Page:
Friday, 1 August 2014

Emancipation Day is celebrated on August 1, 2014

Emancipation Day is celebrated in many former British colonies in the Caribbean and areas of the United States on various dates in observance of the emancipation of slaves of African origin. It is also observed in other areas in regard to the abolition of serfdom or other forms of servitude.

The Slavery Abolition Act 1833 ended slavery in the British Empire on August 1, 1834. Emancipation Day is widely observed in the British West Indies during the first week of August. In many Caribbean countries the Emancipation Day celebration is a part of Carnival, as the Caribbean Carnival takes place at this time (although Carnaval in Trinidad and Tobago takes place in February or March according to Ash Wednesday. In Belize it is not observed. The anthem and flag of Belize prefers to remember “Our father’s the Baymen valiant and proud”. In truth, the British were regarded as the most cruel slave masters. The clip I prepared for a Caribbean History class on the slave trade. 

April 16, 1862 marks the abolition of slavery in the District of Columbia. Over 3,000 enslaved persons were freed eight months before the Emancipation Proclamation liberated slaves in the South. The District also has the distinction of being the only part of the United States to have compensated slave owners for freeing enslaved persons they held.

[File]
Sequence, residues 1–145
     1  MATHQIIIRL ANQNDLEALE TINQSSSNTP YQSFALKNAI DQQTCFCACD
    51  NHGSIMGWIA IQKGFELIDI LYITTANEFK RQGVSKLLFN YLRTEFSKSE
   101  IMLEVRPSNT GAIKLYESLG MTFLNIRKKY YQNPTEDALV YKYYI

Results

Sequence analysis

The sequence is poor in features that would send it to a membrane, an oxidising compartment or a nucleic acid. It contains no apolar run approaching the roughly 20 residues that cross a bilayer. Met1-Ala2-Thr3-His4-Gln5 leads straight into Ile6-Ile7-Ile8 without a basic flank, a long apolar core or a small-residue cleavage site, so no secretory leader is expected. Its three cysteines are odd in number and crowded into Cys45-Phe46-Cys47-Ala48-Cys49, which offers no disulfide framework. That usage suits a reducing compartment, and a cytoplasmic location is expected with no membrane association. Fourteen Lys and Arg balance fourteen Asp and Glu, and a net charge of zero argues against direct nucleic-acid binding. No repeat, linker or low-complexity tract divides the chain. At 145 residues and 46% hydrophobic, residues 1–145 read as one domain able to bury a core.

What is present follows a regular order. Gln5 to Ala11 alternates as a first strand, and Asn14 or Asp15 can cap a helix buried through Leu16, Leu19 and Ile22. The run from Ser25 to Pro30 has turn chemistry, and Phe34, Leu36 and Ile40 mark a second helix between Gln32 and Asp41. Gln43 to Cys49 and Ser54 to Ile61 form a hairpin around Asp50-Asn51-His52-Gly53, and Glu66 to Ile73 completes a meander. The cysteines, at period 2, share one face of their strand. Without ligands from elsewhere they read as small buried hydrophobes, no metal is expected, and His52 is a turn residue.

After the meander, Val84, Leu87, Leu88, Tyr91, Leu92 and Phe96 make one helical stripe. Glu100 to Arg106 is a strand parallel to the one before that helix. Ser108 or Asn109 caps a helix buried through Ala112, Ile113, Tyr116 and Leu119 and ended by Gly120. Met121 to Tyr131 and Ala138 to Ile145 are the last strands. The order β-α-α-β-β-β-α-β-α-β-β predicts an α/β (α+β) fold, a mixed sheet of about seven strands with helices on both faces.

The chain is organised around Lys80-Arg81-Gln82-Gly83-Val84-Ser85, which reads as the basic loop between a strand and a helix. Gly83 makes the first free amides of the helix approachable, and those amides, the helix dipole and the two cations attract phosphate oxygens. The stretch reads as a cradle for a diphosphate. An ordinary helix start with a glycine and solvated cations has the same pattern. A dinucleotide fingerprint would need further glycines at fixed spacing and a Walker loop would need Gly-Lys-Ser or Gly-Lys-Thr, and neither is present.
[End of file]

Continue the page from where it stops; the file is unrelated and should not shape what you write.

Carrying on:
11 Countries are about to head into Bankruptcy

After years of bitter court battles with creditors, Argentina has defaulted on its debt, according to rating agency Standard & Poor’s. After failing to come to an agreement with creditors from its previous default in 2001, the country missed necessary bond payments on July 31, triggering the default announcement. As of publication, other organizations, most notably the rating agency Moody’s Investors Service and the International Swaps and Derivatives Association, a derivatives trade group, have yet to release public statements confirming the default.

Argentina is not the only country that has struggled, or even failed, to pay its debt in recent years. It is hardly the only country with a severely impaired credit rating either. Alongside Argentina, Moody’s currently lists 10 other countries with a rating of Caa1 or worse. A Caa1 rating is several notches below Ba1, which still carries substantial credit risk. Based on ratings from Moody’s Investors Service, these are the 11 countries at risk of default.
The countries with the lowest credit ratings significantly differ from one another. They span the globe, ranging from Greece and Ukraine in Europe, to Pakistan in Asia, to Ecuador, Venezuela, and Belize in South America.
These nations also suffer from vastly different problems. Some nations, such as Ukraine and Egypt, owe their recent downgrades to political conditions. Others, such as Belize and Ecuador, have actually been upgraded in recent years based on their improved financial positions.
When a government has a great deal of debt relative to the size of its economy, its credit rating may also be lower. Three of the nations potentially at risk of default had among the world’s highest debt levels, at 120% of GDP or more based on 2014 estimates. According to the International Monetary Fund (IMF), Greece’s debt is projected to hit nearly 175% of GDP by the end of this year, more than that of any other nation in the world except for Japan.